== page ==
The winner in the Young Photographer of the Year is Cruz Erdmann, for his colorful image of a big-finned reef squid, taken off the coast of Indonesia. Read about the winners at the competition's website, and see winning photos in the various categories in this gallery. -via reddit


Personality and Longer Life

Most, if not all, of us desire to have a longer life. You’d agree with me, however, that it’s even better to live a long and healthy life. 

While most people know what to do in order to achieve such a goal, some of these do not necessarily follow the advice given to them. Sometimes, a person can cheat in a program or routine that he dedicated himself into. For example, he might skip his early morning workout, or sneak a doughnut during a coffee break. This is why personality is important.

Researchers in behavioral medicine and health recognized decades ago that personality must be taken into account in understanding the factors which influence adopting a life-prolonging lifestyle. This field originated in the now-classic, though imperfect, studies on the “Type A Behavior Pattern,” in which hard-driving, impatient, achievement-oriented, and super-punctual individuals appeared to have higher risk of cardiovascular disease than their laid-back Type B counterparts. Researchers continue to expand on related personality and behavior patterns, with the latest entry being the “Type D” (for distressed), which refers to people who suppress their negative emotions, compromising their recovery from a cardiovascular event. More generally, however, researchers are interested in the overall personality traits or dispositions that can affect people’s health through lifestyle risk factors.

More of this over at Psychology Today.

What are your thoughts on this one?

(Image Credit: dbreen/ Pixabay)


Superman vs. the KKK

There's a new Superman comic available in stores today, except it's not exactly new, but a modern incarnation of an old story. Superman Smashes the Klan is the first of a three-part story in which the Man of Steel battles white supremacy and xenophobia.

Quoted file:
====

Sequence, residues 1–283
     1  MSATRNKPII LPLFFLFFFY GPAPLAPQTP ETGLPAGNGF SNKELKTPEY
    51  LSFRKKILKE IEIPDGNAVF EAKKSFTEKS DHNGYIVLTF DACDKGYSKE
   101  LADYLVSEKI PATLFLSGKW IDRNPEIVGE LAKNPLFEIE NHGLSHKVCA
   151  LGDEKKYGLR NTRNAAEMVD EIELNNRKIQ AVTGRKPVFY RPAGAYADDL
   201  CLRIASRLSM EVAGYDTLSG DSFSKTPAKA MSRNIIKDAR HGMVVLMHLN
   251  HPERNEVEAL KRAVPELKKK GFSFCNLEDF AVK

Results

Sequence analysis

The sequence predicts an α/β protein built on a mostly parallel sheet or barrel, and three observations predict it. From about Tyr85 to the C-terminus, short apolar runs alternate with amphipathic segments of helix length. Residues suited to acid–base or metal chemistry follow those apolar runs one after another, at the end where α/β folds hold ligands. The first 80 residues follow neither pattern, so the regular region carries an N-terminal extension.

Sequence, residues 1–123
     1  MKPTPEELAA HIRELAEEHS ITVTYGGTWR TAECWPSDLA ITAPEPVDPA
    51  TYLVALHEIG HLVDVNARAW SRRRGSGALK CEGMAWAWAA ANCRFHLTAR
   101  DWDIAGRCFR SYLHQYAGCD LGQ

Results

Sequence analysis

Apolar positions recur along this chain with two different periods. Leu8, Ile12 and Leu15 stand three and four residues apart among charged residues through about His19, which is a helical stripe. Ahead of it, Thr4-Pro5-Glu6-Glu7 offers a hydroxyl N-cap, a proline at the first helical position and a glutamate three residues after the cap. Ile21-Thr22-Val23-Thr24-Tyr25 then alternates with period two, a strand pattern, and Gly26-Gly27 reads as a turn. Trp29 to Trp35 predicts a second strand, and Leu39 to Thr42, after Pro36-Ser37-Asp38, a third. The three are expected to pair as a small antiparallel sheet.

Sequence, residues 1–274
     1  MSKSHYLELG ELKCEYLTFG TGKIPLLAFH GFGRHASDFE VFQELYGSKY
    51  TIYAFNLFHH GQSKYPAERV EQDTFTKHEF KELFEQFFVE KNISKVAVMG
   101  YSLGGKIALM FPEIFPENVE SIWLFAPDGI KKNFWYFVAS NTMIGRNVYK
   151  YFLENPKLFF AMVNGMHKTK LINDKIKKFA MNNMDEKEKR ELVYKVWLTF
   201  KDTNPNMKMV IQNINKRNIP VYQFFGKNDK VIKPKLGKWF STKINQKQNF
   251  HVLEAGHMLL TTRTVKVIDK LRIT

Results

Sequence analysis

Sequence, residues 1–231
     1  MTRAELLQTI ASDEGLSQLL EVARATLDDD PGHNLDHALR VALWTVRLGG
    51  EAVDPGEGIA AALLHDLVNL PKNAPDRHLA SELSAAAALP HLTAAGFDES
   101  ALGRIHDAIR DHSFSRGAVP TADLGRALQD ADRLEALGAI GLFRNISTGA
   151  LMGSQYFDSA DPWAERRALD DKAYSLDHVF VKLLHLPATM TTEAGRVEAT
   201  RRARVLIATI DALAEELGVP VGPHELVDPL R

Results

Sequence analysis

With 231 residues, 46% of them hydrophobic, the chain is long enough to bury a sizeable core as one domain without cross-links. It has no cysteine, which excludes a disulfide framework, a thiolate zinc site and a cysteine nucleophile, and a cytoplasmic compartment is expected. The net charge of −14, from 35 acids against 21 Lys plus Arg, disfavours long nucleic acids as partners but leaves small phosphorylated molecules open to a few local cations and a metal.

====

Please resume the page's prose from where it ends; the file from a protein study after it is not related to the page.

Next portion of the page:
The book comes from the award-winning cartooning team of Gene Luen Yang and Gurihiru, who were inspired by the 1946 Superman story “Clan of the Fiery Cross.” That story wasn’t a comic, but rather an arc of the immensely popular Adventures of Superman radio serial. In the audio adventure, Superman battled the racist machinations of the Ku Klux Klan. Excoriated and embarrassed by one of the country’s most popular radio shows, the white supremacist group actually saw a drop in membership.

Superman Smashes the Klan is the first time “Clan of the Fiery Cross” has been adapted to comics. And Yang and Gurihiru’s Superman is a classic 1946 Superman. He hasn’t figured out how to fly yet and he’s never seen kryptonite before, a nod to how many core aspects of the character originated in that very series. Writers on the The Adventures of Superman serial went on to introduce those elements, along with Jimmy Olsen, and Daily Planet editor Perry White, and the endlessly quotable “Look! Up in the sky! It’s a bird! It’s a plane! It’s Superman!”

Polygon spoke to author Gene Luen Yang about his approach to the project, and has a 16-page preview of the first chapter.  -via Metafilter

(Image credit: Gene Luen Yang, Gurihiru/DC Comics)


Las Marthas

Every February in Laredo, Texas, the entire town celebrates George Washington's Birthday with a festival, which includes a peculiar debutante ball sponsored by the Society of Martha Washington, in which young women dress as a stylized fashion ideal of the mother of our country.

The dresses take a year to sew, and the girls spend a year learning how to wear them: how to glide, how to float their arms out so they never touch the skirts, how to hold their heads under the weight of the coiffure. The look is Marie Antoinette in her let-them-eat-cake days, and the dresses, like Marie’s dresses, weigh so much—up to one hundred pounds—that they hurt the girl. They leave bruises at the shoulders and hips where the dress bones pull down on girl bones. The dresses, like the gestures, are passed down from mother to daughter.